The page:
(Urgent Question): Will the Foreign Secretary please make a statement on the situation in Zimbabwe?
In the early hours of this morning, soldiers from the Zimbabwean army deployed in central Harare, taking control of state television, surrounding Government ministries and sealing off Robert Mugabe’s official and private residences. At 1.26 am local time, a military officer appeared on state television and declared that the army was taking what he called “targeted action” against “criminals” around Mugabe. Several Government Ministers, all of them political allies of Grace Mugabe, are reported to have been arrested. At 2.30 am, gunfire was heard in the northern suburb of Harare where Mugabe has a private mansion. Areas of the central business district have been sealed off by armoured personnel carriers.
Our embassy in Harare has been monitoring the situation carefully throughout the night, supported by staff in the Foreign Office. About 20,000 Britons live in Zimbabwe, and I can reassure the House that so far we have received no reports of any British nationals being injured. We have updated our travel advice to recommend that any Britons in Harare should remain in their homes or other accommodation until the situation becomes clearer. All our Zimbabwean and UK-based embassy staff and their families are accounted for.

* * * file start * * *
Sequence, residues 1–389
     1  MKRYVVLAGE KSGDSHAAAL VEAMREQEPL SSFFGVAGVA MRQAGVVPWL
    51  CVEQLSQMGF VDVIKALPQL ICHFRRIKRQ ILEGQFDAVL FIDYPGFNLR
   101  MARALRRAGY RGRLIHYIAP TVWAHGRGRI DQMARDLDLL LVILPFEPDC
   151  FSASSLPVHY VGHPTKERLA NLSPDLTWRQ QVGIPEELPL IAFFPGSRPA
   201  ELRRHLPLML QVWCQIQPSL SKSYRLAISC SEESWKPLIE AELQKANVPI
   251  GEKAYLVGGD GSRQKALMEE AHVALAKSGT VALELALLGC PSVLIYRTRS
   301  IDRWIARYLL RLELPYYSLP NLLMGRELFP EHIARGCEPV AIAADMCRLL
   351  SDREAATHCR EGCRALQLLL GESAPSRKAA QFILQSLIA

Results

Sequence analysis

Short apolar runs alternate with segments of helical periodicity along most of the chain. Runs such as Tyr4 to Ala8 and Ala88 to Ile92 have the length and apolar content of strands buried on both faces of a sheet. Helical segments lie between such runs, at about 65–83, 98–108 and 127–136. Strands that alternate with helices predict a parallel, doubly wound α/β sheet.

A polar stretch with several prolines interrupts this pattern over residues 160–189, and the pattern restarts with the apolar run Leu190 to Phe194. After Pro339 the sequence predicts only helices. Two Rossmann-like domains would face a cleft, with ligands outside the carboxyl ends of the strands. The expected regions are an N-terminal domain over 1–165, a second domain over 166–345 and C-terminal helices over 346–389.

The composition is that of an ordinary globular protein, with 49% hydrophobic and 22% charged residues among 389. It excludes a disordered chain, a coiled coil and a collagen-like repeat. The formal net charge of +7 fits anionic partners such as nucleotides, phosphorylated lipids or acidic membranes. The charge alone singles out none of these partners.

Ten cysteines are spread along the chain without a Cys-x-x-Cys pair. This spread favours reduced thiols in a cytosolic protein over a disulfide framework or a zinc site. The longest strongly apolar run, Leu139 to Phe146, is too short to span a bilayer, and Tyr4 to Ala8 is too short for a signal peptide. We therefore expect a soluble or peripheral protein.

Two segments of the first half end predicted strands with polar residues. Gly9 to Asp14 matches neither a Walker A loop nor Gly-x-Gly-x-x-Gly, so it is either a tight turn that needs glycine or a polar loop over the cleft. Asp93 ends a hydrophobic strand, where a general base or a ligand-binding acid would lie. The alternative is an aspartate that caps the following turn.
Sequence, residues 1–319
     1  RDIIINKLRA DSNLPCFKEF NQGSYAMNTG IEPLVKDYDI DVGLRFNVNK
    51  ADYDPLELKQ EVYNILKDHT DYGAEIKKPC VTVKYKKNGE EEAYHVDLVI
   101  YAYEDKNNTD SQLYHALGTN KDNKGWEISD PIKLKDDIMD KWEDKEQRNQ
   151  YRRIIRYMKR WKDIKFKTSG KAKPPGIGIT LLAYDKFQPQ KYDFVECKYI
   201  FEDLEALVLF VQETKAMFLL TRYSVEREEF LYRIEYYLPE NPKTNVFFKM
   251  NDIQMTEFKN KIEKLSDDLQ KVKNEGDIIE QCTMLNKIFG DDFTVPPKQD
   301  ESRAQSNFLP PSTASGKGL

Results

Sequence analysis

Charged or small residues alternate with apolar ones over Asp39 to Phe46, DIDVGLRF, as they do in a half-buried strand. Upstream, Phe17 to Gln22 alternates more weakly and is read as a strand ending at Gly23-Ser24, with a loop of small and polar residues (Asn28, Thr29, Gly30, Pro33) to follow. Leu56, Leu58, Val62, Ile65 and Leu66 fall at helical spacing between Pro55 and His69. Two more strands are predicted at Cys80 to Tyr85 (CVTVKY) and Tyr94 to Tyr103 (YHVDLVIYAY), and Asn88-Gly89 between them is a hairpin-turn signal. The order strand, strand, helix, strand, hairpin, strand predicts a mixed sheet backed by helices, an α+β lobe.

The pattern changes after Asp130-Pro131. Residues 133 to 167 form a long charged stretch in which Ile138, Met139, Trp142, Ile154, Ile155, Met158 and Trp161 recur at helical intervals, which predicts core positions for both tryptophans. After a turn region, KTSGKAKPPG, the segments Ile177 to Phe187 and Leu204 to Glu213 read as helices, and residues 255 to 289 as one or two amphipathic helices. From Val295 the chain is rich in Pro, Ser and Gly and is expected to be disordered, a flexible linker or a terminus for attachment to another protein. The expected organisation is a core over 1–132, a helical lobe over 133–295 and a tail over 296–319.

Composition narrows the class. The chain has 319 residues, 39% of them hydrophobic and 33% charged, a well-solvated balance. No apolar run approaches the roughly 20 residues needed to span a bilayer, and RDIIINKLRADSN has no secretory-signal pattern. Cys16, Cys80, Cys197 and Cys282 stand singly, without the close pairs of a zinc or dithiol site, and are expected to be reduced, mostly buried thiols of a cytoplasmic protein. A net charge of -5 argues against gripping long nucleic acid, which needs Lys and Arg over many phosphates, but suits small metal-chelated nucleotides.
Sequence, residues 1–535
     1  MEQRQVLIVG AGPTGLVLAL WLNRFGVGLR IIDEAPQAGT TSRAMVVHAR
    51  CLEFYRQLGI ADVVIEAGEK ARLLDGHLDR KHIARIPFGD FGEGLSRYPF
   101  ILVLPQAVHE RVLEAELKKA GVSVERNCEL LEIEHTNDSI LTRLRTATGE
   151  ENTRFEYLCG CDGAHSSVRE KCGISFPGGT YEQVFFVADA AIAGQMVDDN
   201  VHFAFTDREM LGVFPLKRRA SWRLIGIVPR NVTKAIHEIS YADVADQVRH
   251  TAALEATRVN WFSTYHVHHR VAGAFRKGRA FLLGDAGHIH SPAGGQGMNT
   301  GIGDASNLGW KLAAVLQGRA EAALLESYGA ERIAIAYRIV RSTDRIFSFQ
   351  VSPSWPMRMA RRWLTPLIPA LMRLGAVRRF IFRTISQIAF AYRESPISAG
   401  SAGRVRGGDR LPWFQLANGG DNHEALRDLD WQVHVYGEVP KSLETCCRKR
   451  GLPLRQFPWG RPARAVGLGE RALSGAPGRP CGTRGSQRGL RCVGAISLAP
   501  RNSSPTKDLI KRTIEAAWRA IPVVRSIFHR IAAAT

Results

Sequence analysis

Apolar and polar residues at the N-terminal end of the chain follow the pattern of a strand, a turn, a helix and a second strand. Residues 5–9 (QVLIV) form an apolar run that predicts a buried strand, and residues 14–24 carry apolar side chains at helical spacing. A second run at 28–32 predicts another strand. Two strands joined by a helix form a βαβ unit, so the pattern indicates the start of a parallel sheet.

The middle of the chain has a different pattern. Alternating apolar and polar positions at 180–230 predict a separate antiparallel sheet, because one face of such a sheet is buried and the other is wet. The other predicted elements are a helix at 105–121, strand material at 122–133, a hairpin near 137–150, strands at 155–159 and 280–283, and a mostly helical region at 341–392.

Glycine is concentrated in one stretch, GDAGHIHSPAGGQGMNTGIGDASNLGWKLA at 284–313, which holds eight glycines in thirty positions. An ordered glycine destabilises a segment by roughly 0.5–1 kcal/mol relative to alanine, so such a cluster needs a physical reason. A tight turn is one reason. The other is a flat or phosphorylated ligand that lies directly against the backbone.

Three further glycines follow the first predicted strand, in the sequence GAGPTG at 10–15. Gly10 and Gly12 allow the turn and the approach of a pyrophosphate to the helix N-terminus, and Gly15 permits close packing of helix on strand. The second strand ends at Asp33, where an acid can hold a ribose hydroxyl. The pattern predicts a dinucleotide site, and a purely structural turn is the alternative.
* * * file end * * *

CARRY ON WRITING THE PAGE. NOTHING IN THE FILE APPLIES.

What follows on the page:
I will say frankly to the House that we cannot tell how developments in Zimbabwe will play out in the days ahead. We do not know whether this marks the downfall of Mugabe or not, and we call for calm and restraint. The events of the last 24 hours are the latest escalation of months of brutal infighting within the ruling ZANU-PF party, including the sacking of a vice-president and the purging of his followers, and the apparent positioning of Grace Mugabe as a contender to replace her 93-year-old husband.
Hon. Members on both sides of the House have taken a deep interest in Zimbabwe over many years, and I pay particular tribute to the courage and persistence of my hon. Friend the Member for Vauxhall (Kate Hoey)—I will call her my hon. Friend—who has tirelessly exposed the crimes of the Mugabe regime and visited the country herself during some of its worst moments. The United Kingdom, under Governments of all parties, has followed the same unwavering principles in its approach to Zimbabwe. First and foremost, we will never forget the strong ties of history and friendship with that beautiful country, which has been accurately described as the jewel of Africa.